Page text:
Thoughts for Robert, on the occasion of his 6th birthday

Jackie Gingrich Cushman
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Posted: Jul 29, 2007 12:01 AM
Thoughts for Robert, on the occasion of his 6th birthday

Six years ago, my husband Jimmy and I were anxiously waiting for the birth of our second child, who was due in a few days. I had been walking as much as possible for the several days prior, in the hopes of speeding up our child’s arrival. It appeared to pay off early in the morning the day on July 27, 2001.

My labor began as normal, but was complicated by the discovery of a prolapsed cord. This occurs in 1 in 200 – 300 births, and results in the death of the child in 10 percent – 17 percent of cases. Once my obstetrician determined that an emergency c-section was required, everything began to move fast. Within seconds, there were too many people to count in the delivery room and I was rapidly wheeled to the operating room. Within 15 minutes, my husband was holding our second child while I was recovering from the effects of general anesthesia. Thank you, Dr. Suarez, for saving Robert’s life.

At the time, the delivery appeared to be the hard part, but I now realize that the delivery of a child is just the first of a long series of hard parts. Raising a child properly requires a daily effort.

With Robert turning 6 today and scheduled to start kindergarten in two weeks, my days as the mother of a preschooler are ending. What his teachers will expect of him will be different from what I expect of him. His life will be shaped by greater structure and more academic requirements. Assuming all goes according to plan, he will learn life lessons and they will be reinforced. My responsibility as a parent will grow from making sure he is fed, clothed and safe to ensuring that he learns the lessons he needs to be successful and happy in life.

There are personality lessons: be nice to others, be honest, share, be polite, and be cheerful. There are personal activity lessons: be on time, finish your work and pay attention. All of these lessons are important, take practice and develop over time.

There are also lessons that need to be learned regarding the responsibilities of being a United States citizen. I believe that being a United States citizen brings with it responsibility to work hard, be personally responsible, to help others and to participate in our government.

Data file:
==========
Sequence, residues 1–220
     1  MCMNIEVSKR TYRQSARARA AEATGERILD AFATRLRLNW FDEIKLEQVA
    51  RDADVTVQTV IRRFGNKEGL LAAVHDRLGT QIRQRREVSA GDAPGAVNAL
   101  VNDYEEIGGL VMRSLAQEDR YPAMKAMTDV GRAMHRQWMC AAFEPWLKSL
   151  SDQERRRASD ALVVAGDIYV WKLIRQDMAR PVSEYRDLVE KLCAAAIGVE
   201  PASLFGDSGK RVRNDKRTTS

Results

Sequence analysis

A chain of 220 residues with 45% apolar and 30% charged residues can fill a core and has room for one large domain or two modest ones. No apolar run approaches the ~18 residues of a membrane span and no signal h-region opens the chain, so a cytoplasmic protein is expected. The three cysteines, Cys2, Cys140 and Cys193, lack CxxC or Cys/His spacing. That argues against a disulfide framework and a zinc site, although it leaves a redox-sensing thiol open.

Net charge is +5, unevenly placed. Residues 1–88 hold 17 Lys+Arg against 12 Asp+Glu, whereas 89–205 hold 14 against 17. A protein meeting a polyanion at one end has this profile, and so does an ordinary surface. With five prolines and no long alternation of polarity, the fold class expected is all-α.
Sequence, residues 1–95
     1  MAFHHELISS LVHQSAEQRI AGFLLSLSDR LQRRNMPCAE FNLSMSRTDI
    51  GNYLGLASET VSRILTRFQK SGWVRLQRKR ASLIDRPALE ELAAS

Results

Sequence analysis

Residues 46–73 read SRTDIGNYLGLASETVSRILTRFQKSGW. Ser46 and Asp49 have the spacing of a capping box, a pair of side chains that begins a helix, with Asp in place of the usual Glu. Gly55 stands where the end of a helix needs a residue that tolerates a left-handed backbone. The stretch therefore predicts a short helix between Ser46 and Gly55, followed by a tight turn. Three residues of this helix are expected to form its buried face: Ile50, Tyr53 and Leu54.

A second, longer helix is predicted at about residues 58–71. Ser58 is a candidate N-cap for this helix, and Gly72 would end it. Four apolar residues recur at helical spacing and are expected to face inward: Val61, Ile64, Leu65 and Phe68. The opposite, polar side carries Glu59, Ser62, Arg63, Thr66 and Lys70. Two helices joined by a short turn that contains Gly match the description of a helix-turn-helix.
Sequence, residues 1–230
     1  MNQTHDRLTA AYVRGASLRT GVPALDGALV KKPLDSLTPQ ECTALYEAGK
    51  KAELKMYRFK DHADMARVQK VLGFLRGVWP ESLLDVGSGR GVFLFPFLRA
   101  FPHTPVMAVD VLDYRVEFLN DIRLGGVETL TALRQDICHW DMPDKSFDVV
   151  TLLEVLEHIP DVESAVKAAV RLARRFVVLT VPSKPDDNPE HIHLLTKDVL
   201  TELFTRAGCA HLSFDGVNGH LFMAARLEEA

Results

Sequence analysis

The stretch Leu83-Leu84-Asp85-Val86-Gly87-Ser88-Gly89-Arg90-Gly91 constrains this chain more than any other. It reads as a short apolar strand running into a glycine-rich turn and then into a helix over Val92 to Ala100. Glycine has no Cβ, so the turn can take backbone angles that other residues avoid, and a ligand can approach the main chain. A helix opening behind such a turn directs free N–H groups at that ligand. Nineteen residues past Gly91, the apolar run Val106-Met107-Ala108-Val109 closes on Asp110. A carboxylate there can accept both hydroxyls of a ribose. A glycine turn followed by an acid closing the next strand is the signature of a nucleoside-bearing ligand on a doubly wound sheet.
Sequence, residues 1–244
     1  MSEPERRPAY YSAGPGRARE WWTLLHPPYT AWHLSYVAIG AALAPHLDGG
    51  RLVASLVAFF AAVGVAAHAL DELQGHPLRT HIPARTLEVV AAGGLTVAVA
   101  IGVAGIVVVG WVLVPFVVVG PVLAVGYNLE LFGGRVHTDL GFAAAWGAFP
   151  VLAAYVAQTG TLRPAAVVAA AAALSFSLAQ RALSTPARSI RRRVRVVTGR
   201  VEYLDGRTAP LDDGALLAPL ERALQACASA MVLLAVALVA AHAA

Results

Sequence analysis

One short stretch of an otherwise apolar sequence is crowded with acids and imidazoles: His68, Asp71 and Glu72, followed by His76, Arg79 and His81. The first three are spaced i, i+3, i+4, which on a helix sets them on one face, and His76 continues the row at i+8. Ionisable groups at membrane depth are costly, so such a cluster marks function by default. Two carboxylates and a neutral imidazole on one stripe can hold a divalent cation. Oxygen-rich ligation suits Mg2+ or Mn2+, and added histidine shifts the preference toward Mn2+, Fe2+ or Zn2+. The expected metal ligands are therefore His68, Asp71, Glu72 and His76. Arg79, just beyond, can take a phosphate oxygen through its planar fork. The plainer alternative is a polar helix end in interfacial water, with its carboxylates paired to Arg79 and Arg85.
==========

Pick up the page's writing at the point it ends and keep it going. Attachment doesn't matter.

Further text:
Work hard and accept that it can take time to learn, which can be a hard process. Also accept that it can take time to achieve rewards for your work. Instead of complaining, it is often best just to accept that hard work is required, then sit down and focus. Soon, you will be surprised at how much you have learned and how much you have done.

Be responsible for yourself. Inherent in the concept of personal responsibility is the idea that each individual is responsible for himself or herself. You are responsible for your health, your finances and your life. You are responsible for understanding and obeying the rules and the law. When events do not work out, the first person you should look toward as responsible is yourself.

Help others less fortunate than yourself. While you should be responsible for your activities, there will always be those who are less fortunate due to circumstances beyond their control. Reach out to them and assist them, whether through monetary donations or personal assistance. At some point in our lives, we will all need assistance from others.

One of the greatest responsibilities we have as citizens is to participate in our government, through voting, service and activity. After all, if we are a government “of the people by the people for the people,” as Lincoln states in his Gettysburg Address, then every person has the responsibility to participate in the government. We cannot assume that others will do it for us, because if all assume that others will serve, no one will serve.

One of the most famous quotes from the United States Declaration of Independence states: “We hold these truths to be self-evident, that all men are created equal, that they are endowed by their Creator with certain unalienable Rights, that among these are Life, Liberty and the pursuit of Happiness.”-- Note that the Declaration of Independence does not guarantee happiness, just the pursuit thereof.

My job as Robert’s parent is not to ensure his happiness, but rather to help him gain the tools that he will need to pursue happiness.